- Material prices are rising fast, with big increases in commodities and finished products made of metal.
- Contractors who work with low volumes of materials might find it better to follow good contracting practices rather than trying to outguess the markets.
- If you can get a handle on materials management by conserving, ordering, receiving and storing properly, you can cushion yourself from rising materials prices.
Construction materials prices are rising, and fast, for the first time in years. Lumber was up four percent in June along with a 2.2 percent increase in OSB prices. Engineering News Record reported that material prices were up 1.6 percent month over month in July, and 4.7 percent for the year. Residential materials prices have now been increasing for six months in a row.
In July, ENR’s Construction Cost Index posted a three percent increase over the previous year, and its Building Cost Index was up 3.3 percent. Meanwhile, tariffs increased aluminum prices 20 percent, followed by copper and brass mill shapes up by 17.5 percent and milled steel products up a little over 12 percent. Benchmark steel was up almost 40 percent in July over the first of the year, according to ENR’s second quarter cost report.
According to Ken Simonson, Associated General Contractors of America chief economist, the increases are outpacing what many contractors factored for their underway projects, causing their profits to shrink as they absorb the higher costs. Here are tactics for staying ahead of quickly rising materials costs.
Manage the Supply Chain
Whenever materials prices get volatile, the first response for contractors in need of large amounts of specific materials like steel is to review the supply chain for depth and breadth of availability.
Tariffs have added an element of confusion to that process, making it more important than ever to keep as many doors open as possible. What is more, relying on products coming from companies that have applied for tariff exclusions might backfire. Exclusions take a long time to process, and products competing with U.S. products are less likely to get excluded. There’s also likelihood that tariffs will get extended to fabricated imports that rely on the tariffed commodity.
Increases in prices of aluminum, copper, and steel are outpacing what many contractors factored for their underway projects.
For the long game, planning is one tactic for beating the rush, especially when it comes to prefabricated items that depend on commodities under tariff. Remember, though, producers of products that rely on tariffed commodities face the same price volatility as you. This makes it essential to consider tactics like informing the design-side of ways to avoid materials with extreme volatility, and keeping purchasing options open across more than just a few countries.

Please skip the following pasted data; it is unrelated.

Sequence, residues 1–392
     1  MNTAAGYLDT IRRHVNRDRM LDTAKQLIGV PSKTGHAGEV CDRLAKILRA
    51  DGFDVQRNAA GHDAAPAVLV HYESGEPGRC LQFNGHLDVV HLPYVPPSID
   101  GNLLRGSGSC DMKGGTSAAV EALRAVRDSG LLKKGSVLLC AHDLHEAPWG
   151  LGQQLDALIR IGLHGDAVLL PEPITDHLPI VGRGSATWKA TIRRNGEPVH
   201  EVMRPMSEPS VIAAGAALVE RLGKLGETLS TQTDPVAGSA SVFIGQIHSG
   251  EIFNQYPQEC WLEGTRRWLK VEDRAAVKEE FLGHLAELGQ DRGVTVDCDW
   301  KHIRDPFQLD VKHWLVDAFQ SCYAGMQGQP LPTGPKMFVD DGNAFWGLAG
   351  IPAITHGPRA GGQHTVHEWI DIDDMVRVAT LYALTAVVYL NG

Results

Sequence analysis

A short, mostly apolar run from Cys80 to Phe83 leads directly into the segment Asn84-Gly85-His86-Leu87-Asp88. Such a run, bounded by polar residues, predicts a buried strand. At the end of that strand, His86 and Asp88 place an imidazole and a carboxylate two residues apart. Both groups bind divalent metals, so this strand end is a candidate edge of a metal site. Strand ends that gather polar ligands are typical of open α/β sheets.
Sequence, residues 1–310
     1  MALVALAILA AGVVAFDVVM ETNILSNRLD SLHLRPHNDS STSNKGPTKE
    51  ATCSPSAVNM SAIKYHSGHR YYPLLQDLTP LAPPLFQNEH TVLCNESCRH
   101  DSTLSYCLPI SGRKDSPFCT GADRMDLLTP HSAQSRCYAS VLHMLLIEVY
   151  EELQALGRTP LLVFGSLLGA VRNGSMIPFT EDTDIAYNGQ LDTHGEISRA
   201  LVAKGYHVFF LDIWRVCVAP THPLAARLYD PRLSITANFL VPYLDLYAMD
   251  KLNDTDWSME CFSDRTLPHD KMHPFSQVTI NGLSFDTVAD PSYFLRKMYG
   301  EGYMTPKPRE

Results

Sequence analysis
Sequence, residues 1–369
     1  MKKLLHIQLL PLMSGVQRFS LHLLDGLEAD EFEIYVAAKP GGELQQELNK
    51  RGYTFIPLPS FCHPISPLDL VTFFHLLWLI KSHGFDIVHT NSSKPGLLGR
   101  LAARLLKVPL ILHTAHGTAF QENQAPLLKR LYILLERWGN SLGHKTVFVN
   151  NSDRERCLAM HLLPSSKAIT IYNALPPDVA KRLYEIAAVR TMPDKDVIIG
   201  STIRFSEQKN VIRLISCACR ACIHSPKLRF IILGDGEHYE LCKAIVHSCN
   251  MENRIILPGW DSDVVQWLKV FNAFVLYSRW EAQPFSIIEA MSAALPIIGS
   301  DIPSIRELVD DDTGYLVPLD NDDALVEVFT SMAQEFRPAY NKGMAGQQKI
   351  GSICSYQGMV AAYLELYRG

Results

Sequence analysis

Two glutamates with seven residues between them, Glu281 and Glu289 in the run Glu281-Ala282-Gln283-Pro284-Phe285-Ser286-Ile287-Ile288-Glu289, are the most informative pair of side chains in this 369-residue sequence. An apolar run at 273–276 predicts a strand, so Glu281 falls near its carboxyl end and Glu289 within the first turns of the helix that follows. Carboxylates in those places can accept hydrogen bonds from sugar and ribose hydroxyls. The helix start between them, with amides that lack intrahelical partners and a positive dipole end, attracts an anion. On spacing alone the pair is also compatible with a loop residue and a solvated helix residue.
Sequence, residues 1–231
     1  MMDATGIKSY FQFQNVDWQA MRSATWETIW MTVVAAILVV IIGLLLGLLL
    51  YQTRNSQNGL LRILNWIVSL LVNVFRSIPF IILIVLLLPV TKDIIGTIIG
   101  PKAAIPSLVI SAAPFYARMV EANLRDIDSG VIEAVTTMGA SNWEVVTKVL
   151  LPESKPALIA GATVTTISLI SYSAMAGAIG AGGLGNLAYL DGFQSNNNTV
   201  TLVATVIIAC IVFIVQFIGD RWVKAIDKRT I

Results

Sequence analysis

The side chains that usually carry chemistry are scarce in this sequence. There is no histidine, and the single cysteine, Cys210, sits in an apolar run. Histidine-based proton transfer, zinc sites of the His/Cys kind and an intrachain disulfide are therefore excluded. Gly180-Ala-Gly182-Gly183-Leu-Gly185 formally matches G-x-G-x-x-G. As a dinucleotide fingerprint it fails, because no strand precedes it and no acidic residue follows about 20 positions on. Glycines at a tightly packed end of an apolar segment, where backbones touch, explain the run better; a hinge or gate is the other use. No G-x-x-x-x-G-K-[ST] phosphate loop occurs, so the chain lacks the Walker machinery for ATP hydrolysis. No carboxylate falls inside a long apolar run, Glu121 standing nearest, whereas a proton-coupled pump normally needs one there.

While contractors with smaller needs who purchase off their local markets will also feel the heat from tariffs and inflation, trying to out-maneuver the market could be confusing, and might even work against you. Pricing your work with the cost risks in mind, sharing the cost risk with clients and subs, and using contract language that allows project cost increases for rising materials prices are three tactics to help cushion projects against inflationary costs.
Many inputs are not directly consumed by the project. Gasoline, diesel fuel, framing braces, form stakes, concrete forms, and materials for temporary structures help build the project, but they don’t stay as a part of the finished product. Think carefully about ways to conserve these inputs to create a cushion for the price increases on materials you can’t anticipate. It all trickles down to the bottom line. This is especially true on projects underway where you didn’t have the option of planning for rapid price increases.Think about ways to conserve on certain project inputs like fuel, framing braces, and other temporary structures to create a cushion for other price increases you can't anticipate. Click To Tweet
Manage Materials Efficiently
Poor materials management saps costs in at least two ways. The first is when materials get wasted, lost, stolen, or damaged. The second cost is the time and money spent replacing them. In your planning, think about how you will move and stage materials. Consider on-site storage containers, off-site storage, or just-in-time delivery to protect your materials investments.
Part of managing materials efficiently includes inspecting them upon delivery. When they don’t meet quality standards or fulfill the specification, mark them for return. If you don’t, you’ll have to absorb that hundred board feet of warped lumber somewhere else down the line.
You should also investigate at the ordering stage. Reviewing requirements before placing the order can often prevent double ordering. Be careful of overlooking available materials on site that could fit the bill, and consider reclaiming used materials that can go on to serve the same or similar function elsewhere. While you’re at it, assess your theft risk and put systems in place to prevent it.
When you order materials for specific functions, you order certain sizes and lengths to reduce waste. You also spend much time making sure what you source fits the specifications. However, when people use the wrong item in the wrong place, all your planning to minimize waste is lost. Spend a little time with your team leaders and foremen to make sure they enforce the use of the correct right materials for the right job. Include steps in your processes to help people identify the right materials for the application, and confirm they’re using specified materials in the right places.